Harnds Assassin, 14C28N/G-10, version 2 (with clip)
TL;DR inexpensive, good steel, impressive handfeel and flipping speed, light, well balanced work from one of Boker and CRKTs OEMs. Now with a pocket clip. If Drop can source them under $40 I think this knife would have a lot of fans here.
Longer version: I first learned of this brand a while ago, when I picked up one of their pocket knives -- the original Assassin. I loved it, thought it was an excellent value, but wouldn't pocket it because it didn't have a clip. I left a review on the place I bought it from, saying as much. to my surprise the owner reached out to me and said they'd chosen to leave off the clip because the designer thought the clip would clutter things up. Told me that they'd had a return on another kind of knife, which turned out to be the Talisman, and if I didn't mind he'd like to send it to me for free, see if I liked it better. I ended up not liking it better than the Assassin, but I still liked the second knife, and started adding Harnds to my collection.
Harnds is Hong Kong Chinese, and a lot of the material they source is Japanese - where many Chinese manufacturers might use domestically produced 8Cr13MoV steel, for example, Harnds is as likely to use Aichi AUS 8 -- nobody's super steel, but still a recognized step up from the 8Cr steels that are its knockoffs. But the thing that struck me more is that where a lot of Chinese knives have eye popping CNCed blades and handles and are catching the consumer's attention with a cool looking design, that the Harnds focus was surprisingly utilitarian -- on handfeel and balance. It's not necessarily easy to see, it's not sexy and salesy like laser cut doohickeys and whatnot, but it's professional. That's what I dug the most: they seemed like they were trying to sell more knives by making GOOD ones, and not just making ones people might pick out of a catalog. Having integrity. The lost art, know what I mean?
So, the Assassin. Probably so named for the longer, thin blade profile, although I dare say you wouldn't want to get gaffed by this thing. Actually decent in the all around in terms of daily use, though, the blade shape.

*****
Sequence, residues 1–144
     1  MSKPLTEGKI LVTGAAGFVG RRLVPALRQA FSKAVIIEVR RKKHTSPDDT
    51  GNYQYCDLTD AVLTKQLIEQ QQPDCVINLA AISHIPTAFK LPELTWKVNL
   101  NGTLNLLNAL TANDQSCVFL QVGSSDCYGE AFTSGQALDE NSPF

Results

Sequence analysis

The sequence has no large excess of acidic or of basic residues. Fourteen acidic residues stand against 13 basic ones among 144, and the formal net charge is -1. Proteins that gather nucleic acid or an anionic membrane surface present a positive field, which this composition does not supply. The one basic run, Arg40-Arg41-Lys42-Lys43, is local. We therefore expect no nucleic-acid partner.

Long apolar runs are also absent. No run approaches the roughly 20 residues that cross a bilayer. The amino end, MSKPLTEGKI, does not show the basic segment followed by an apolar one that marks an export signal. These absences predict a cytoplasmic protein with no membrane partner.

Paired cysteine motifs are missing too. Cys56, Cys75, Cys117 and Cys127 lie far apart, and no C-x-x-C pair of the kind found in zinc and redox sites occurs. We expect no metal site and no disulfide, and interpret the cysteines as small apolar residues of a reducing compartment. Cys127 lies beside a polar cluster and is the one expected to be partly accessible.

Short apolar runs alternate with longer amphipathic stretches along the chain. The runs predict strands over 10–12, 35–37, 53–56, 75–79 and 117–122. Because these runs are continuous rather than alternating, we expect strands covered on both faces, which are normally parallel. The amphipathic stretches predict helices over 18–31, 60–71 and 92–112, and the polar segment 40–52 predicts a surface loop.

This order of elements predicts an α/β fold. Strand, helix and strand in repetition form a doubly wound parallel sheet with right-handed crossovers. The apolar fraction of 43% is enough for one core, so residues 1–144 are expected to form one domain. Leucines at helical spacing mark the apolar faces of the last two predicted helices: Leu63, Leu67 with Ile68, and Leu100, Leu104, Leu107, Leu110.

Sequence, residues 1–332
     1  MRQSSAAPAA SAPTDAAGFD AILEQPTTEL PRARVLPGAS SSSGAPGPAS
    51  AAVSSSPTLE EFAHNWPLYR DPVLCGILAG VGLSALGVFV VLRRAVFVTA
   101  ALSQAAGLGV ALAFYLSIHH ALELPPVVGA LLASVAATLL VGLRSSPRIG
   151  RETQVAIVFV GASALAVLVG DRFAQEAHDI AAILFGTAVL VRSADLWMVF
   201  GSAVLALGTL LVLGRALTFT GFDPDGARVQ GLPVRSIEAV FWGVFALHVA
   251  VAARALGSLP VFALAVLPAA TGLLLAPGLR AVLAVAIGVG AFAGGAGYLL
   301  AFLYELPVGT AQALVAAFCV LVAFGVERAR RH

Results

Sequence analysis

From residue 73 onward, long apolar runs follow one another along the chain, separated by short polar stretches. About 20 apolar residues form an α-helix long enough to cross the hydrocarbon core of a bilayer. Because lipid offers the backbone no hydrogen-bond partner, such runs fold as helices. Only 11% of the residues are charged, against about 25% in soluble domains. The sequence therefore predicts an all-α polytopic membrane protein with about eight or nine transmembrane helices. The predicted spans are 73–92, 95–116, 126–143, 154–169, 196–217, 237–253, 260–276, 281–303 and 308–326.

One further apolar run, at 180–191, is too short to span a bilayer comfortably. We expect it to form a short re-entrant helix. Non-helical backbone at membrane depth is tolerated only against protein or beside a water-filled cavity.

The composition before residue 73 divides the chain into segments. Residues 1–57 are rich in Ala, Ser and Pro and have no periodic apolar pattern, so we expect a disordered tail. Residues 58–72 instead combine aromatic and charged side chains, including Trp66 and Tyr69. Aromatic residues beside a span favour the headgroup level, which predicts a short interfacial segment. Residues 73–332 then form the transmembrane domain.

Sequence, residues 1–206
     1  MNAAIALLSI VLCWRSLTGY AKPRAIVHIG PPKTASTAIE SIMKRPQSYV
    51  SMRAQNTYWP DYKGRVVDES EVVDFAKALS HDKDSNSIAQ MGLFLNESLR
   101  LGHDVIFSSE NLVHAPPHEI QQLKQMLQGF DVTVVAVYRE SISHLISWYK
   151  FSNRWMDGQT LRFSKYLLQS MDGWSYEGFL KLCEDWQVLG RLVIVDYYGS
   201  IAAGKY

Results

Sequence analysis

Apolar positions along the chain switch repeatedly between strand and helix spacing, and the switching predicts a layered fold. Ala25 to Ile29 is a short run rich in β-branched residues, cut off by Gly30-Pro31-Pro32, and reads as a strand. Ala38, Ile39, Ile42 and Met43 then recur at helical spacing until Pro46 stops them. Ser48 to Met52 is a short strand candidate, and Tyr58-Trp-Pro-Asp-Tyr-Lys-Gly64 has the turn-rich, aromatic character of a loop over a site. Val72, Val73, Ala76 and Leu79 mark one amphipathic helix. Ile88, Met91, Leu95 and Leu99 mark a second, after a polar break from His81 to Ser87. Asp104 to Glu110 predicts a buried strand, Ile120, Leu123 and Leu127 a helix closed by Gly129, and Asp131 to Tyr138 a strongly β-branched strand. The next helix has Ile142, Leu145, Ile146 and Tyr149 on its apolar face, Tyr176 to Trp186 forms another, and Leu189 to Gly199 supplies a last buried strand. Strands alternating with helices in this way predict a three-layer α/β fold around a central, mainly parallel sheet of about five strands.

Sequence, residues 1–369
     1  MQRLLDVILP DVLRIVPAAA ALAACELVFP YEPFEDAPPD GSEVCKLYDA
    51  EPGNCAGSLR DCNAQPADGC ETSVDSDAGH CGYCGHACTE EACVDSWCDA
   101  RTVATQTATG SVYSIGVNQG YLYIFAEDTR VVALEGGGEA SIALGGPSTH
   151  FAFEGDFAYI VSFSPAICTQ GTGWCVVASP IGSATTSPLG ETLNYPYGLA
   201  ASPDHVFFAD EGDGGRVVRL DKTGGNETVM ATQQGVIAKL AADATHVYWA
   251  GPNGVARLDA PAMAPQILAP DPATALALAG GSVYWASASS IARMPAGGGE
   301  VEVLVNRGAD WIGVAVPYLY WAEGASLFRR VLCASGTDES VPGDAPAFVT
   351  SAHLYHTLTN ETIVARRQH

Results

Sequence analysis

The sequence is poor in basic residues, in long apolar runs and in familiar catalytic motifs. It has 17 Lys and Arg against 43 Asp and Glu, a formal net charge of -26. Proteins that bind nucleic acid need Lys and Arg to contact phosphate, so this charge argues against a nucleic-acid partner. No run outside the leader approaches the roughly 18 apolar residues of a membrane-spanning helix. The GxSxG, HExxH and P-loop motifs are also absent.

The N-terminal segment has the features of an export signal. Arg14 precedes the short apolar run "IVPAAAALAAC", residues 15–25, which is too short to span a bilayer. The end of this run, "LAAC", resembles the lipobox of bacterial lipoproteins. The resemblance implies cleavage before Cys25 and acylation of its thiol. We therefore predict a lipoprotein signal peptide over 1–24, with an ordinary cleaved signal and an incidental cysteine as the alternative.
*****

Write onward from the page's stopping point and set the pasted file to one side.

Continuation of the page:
The blade flips sweetly for a long bladed knife.
The satin Sandvik has a nice, fine grain to it. It did not come honed, but it did come quite sharp:
This isn't a CNCed blade. It's a blank that someone ground in a knife shop, using large tools and their hands. Fairly well. "So what?" many people might say. "The CNC would probably be better and more precise!" And they're actually right, but miss the point -- when it comes to Chinese knives, some are made by people who know knives, and some are made by people pushing buttons on CNC machines. You'll see these knives that have fantastic work in the blade and handle, but the lock barely grabs the lock face and it's hard to flip the knife open and a lot of other stuff, because at the end of the day instead of a knife designer making a knife it's just a guy who knows how to run autoCAD software and knows what knives look like as a general rule. So one of the things you look for is whether a company also knows what they're doing, not just whether the knife looks cool. And these were made competently.
Take the lockup. You have tremendous contact, which usually means a strong lockbar spring, which usually means a lot of detent pressure which makes for a grating flip. But the Assassin flips effortlessly and locks up reliably, like this:
That's pretty damned good. Zero rock, zero blade play, no unfinished edges, hand finished, everything's professional. People who like a longer, thinner pocket knife are going to be really pleased at how this flips and fits the hand.
I'm kinda tickled that they added the clip to this knife. A lot of folks must have said the same thing, but still. Hell, that's a lot more than a lot of American companies do when people complain. I'm gonna have to email that dude and tell him it's right on target.
Hope he's still in one piece.